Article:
By Myra Bean
Their hearts are as big as their bodies. They have this uncanny ability to understand a human language that even humans sometime find difficult to interpret.
The horses of PALS (Panola Livestock Show Association) broke the language barrier between horses and children who have a hard time expressing themselves.
This program has helped bridge a gap in the lives of special needs children who are autistic, suffer from muscular dystrophy, ADHD (Attention Deficit Hyperactivity Disorder), and Down Syndrome to name a few.
PALS is a therapeutic riding center, according to Susan Dent, a certified riding instructor over the program.
“The horses are friends to children,” Dent said.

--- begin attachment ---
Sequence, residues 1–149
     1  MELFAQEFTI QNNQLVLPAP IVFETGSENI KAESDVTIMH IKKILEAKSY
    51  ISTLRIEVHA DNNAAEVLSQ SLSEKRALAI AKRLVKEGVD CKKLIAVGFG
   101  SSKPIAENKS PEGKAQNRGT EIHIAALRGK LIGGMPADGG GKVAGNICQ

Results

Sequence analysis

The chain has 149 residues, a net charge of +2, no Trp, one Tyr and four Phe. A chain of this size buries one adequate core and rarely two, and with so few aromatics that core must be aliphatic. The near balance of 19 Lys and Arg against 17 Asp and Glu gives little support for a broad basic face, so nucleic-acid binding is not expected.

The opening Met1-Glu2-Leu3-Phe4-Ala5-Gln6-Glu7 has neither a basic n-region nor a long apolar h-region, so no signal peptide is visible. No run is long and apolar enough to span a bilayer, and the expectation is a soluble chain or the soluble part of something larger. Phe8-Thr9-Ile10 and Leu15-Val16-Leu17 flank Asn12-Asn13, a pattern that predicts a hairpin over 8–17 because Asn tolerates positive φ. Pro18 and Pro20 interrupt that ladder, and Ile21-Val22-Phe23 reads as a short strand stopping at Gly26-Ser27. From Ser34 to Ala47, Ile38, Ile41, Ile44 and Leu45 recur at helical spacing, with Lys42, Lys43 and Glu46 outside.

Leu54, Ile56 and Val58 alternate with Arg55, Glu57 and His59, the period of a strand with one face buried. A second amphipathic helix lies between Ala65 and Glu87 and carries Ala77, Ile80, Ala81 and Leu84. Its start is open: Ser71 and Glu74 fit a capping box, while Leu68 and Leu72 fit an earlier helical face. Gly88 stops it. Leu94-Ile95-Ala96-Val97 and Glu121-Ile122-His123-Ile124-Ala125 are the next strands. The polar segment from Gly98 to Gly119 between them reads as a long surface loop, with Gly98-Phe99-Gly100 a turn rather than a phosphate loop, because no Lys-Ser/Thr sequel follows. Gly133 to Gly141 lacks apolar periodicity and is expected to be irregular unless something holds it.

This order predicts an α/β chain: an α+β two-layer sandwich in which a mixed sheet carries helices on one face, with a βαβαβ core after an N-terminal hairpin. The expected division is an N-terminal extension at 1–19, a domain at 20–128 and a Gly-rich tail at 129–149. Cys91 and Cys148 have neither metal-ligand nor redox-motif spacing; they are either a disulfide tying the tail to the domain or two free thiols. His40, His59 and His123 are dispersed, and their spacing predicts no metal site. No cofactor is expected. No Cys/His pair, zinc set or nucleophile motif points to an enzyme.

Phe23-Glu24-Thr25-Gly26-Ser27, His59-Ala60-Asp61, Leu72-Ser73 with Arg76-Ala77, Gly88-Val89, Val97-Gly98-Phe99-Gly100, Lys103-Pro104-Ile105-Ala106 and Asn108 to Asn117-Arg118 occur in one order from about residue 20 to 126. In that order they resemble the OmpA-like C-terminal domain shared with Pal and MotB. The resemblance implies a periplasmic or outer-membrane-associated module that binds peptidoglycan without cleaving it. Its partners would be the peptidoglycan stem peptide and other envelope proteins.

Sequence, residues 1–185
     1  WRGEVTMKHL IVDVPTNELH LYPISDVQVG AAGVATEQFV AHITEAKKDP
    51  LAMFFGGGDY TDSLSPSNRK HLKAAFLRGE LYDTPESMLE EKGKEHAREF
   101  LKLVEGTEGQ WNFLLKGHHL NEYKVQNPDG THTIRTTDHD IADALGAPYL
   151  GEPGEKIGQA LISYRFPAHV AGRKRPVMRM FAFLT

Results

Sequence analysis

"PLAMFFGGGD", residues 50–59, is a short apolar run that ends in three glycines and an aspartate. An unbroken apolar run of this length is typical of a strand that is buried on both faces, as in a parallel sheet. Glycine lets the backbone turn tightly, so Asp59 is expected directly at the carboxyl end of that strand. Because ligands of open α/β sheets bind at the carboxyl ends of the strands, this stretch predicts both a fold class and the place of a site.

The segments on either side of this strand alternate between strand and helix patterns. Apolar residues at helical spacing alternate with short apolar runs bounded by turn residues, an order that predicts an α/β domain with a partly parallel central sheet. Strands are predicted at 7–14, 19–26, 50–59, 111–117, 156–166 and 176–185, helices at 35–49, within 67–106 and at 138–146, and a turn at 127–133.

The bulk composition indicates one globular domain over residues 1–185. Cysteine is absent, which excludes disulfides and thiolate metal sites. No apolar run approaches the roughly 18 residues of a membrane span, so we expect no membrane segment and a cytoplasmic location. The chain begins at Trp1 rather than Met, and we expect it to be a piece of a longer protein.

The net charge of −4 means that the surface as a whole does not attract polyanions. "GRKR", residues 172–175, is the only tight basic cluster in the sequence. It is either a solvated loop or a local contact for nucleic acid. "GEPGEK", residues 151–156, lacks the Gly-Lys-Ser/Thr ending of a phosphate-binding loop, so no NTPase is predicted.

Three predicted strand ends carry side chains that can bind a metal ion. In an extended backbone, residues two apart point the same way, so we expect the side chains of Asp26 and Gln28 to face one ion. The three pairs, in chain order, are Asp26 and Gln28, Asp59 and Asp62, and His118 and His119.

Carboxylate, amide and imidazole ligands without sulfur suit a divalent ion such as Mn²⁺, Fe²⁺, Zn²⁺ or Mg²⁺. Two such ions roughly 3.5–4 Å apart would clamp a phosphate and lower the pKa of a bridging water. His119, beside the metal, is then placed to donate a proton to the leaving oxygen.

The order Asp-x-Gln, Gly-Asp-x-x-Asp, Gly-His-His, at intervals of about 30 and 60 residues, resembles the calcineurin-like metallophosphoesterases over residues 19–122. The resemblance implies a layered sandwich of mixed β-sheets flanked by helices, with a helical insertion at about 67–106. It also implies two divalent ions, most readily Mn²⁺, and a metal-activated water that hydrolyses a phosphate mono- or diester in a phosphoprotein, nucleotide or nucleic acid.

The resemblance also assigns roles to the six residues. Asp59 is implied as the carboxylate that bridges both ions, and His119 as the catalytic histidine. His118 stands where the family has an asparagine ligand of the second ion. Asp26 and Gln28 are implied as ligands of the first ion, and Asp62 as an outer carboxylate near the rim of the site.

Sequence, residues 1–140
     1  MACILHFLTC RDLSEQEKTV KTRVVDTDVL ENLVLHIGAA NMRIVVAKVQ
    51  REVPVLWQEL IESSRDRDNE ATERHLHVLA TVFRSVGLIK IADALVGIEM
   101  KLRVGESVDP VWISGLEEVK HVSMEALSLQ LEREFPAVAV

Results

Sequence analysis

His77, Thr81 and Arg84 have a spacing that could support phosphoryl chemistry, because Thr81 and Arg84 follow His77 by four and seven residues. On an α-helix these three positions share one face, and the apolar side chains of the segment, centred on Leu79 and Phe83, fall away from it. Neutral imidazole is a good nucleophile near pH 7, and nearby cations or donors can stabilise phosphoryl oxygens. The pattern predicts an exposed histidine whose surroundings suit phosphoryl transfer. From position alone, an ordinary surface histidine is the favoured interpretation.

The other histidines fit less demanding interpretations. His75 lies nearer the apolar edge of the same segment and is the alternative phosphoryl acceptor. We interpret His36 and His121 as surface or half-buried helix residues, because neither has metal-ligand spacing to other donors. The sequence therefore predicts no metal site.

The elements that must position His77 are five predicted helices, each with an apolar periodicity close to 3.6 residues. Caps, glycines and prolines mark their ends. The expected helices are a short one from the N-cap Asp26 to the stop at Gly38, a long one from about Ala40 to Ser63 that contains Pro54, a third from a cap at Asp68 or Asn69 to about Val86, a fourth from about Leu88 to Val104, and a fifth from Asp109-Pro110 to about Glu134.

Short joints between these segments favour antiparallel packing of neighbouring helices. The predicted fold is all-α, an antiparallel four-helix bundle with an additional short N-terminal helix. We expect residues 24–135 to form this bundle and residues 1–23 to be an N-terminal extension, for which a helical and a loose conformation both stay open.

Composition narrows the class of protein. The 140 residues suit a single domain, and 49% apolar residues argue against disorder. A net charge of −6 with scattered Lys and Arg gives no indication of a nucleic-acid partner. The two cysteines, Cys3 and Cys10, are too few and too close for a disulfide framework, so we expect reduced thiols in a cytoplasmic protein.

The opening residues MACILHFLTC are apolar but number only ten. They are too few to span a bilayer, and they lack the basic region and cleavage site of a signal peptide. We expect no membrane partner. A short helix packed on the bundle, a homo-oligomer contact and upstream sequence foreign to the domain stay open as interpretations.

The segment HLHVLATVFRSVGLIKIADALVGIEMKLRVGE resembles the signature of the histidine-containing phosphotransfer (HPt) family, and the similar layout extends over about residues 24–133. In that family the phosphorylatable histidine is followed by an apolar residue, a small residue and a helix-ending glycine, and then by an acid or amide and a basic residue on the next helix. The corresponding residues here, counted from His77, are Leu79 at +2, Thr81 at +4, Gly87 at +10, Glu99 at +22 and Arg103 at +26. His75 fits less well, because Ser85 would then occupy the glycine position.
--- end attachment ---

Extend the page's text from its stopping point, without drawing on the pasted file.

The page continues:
With the horses, the riders learn to focus, concentrate and have increased memorization and socialization.
PALS is housed at ArenaOne, west of Batesville. The program uses six horses and three are senior citizens who need special foods.
The constant costs associated with the upkeep of the horses has put the program in some financial strains.
“There is a need for this program and we offer it at no cost to the families,” Dent said. “They have enough expense.”
The program uses volunteers to work with the horses and the families and has a need for more volunteers.
Because of the lack of volunteers, the program has taken a few months off and will reopen April 2. With more funds, Dent hopes to be able to retire some of the older horses who will not be put to death, but allowed to live out their lives.
Dent said there may be grants available and welcomes help from anyone who knows how to write grants.
To assist this program, call Dent at (662) 292-5014 or mail to EAAC, P. O. Box 347, Batesville, MS 38606. To donate food for the animals, deliver to ArenaOne.